REVIEW: "Moon flower", James P. Hogan
- BKMNFLWR.RVW 20080703
"Moon flower", James P. Hogan, 2008, 978-1-4165-5534-6,
%A James P. Hogan jamesphogan.com
%C P. O. Box 1403, Riverdale, NY 10471
%G 978-1-4165-5534-6 1-4165-5534-X
%I Baen Publishing Enterprises
%O U$23.00/C$26.99 jim@... www.baen.com
%O Audience n+ Tech 1 Writing 3 (see revfaq.htm for explanation)
%P 308 p.
%T "Moon flower"
James P. Hogan is one of the few authors of fiction who can be counted
upon to get technology "right." He's done a great job with "Bug Park"
(cf. BKBUGPRK.RVW) and others, although "The Immortality Option" (cf.
BKIMMOPT.RVW) made some mistakes with computer viruses, and "The
Multiplex Man" (cf. BKMLPXMN.RVW) was a disappointment, in technical
His writing seldom disappoints. It's fairly simple, but clear and
with sympathetic characters. Personally, I'm simplistic enough that
the reliability of a happy ending is relaxing.
"Moon flower" has little technology that is real. We have a working
"hyperspace" star drive, and some reliance on being able to detect
events in the future. This last does lean on some recent models of
quantum physics, although the ability to build a working crystal ball
is still a ways off, if it's possible at all. Fortunately, the author
doesn't have to deal with the difficulties of the physics or
engineering involved, since we have the titular flowers to do that for
What is interesting about the book is Hogan's view of the type of
society that would result if everyone had a bit of an insight into
what would work out "best" for them. People who could (admittedly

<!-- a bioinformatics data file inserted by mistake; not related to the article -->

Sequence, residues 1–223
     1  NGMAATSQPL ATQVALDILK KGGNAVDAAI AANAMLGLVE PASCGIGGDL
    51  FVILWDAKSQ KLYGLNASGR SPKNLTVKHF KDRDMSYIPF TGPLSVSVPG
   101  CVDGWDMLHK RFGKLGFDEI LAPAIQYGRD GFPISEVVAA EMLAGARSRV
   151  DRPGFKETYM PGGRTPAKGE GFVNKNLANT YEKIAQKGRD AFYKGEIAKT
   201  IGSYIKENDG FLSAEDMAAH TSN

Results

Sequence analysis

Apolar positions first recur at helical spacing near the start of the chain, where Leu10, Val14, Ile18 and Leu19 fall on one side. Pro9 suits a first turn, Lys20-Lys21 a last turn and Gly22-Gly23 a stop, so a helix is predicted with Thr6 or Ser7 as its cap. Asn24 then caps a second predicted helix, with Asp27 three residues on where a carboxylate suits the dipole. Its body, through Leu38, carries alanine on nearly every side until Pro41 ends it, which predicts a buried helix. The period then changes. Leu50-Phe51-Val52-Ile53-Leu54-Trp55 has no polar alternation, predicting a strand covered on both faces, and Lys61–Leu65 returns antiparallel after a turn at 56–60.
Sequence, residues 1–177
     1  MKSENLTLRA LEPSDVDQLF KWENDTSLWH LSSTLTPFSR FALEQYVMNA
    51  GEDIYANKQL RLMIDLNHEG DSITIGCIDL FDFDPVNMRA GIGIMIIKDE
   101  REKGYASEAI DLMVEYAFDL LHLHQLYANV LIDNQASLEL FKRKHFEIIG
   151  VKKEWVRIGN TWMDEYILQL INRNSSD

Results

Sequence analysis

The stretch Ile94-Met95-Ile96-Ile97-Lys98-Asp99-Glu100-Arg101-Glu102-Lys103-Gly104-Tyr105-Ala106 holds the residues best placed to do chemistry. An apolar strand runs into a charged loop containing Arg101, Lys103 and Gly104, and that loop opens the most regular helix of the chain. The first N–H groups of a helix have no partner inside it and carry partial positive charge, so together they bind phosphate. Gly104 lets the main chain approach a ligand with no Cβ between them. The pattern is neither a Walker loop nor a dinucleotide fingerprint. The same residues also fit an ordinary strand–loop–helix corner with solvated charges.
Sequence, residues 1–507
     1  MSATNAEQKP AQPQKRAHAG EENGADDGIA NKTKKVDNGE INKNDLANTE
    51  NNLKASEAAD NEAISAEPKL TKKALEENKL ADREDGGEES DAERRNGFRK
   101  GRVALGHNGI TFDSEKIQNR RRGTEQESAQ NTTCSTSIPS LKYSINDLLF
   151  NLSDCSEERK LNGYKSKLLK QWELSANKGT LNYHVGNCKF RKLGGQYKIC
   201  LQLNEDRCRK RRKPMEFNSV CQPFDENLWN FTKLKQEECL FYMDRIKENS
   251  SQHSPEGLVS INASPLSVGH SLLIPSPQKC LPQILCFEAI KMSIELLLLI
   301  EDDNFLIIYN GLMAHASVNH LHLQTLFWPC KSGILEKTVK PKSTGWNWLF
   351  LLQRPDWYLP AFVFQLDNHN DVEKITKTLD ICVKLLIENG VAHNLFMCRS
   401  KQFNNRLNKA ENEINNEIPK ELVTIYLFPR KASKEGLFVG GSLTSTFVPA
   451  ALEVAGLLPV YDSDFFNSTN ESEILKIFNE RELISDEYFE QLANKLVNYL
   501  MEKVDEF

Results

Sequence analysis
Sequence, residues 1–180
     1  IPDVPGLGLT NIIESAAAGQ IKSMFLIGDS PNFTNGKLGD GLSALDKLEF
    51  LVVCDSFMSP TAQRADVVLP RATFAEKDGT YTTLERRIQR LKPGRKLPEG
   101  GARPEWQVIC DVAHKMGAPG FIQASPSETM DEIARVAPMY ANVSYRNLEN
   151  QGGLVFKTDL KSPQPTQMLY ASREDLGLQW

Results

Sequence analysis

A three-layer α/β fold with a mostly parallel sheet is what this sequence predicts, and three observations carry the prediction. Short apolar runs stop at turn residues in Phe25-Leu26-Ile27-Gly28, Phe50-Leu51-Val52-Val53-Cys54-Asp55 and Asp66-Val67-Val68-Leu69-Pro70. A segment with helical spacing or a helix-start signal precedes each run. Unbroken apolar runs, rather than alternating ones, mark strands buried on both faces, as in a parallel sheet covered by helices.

fuzzily) foretell the future apparently would be fairly socialistic.
They also would have no interest in religion, although they would
appear to have a reason for not caring about it that would seem to be
as faith-based as any religion. Oddly, they also seem to have a
belief in, and reliance upon, the benevolence of The Great Being-Ness-
Iddity-Hood. It's all rather NewAge.
No, being a professional paranoid, and, of course, not having access
to the fortune-telling ecosystem, maybe I don't understand these
things. However, I'm just a wee bit concerned. Maybe the flowers
aren't really concerned about the best outcomes for us homonids.
Maybe the flowers are, possibly, more concerned about what actions are
best for *them*. Should we *really* be taking advice on how to govern
our lives from them? After all, they end up prospering along with us-
-for the moment. But what about when we come into contention?
Maybe we'd better listen to the words of wisdom from the musical
"Little Shop of Horrors": whatever they offer you, don't feed the
copyright Robert M. Slade, 2008 BKMNFLWR.RVW 20080703
====================== (quote inserted randomly by Pegasus Mailer)
rslade@... slade@... rslade@...
All your Web typos are belong to us - Verisign, 20030915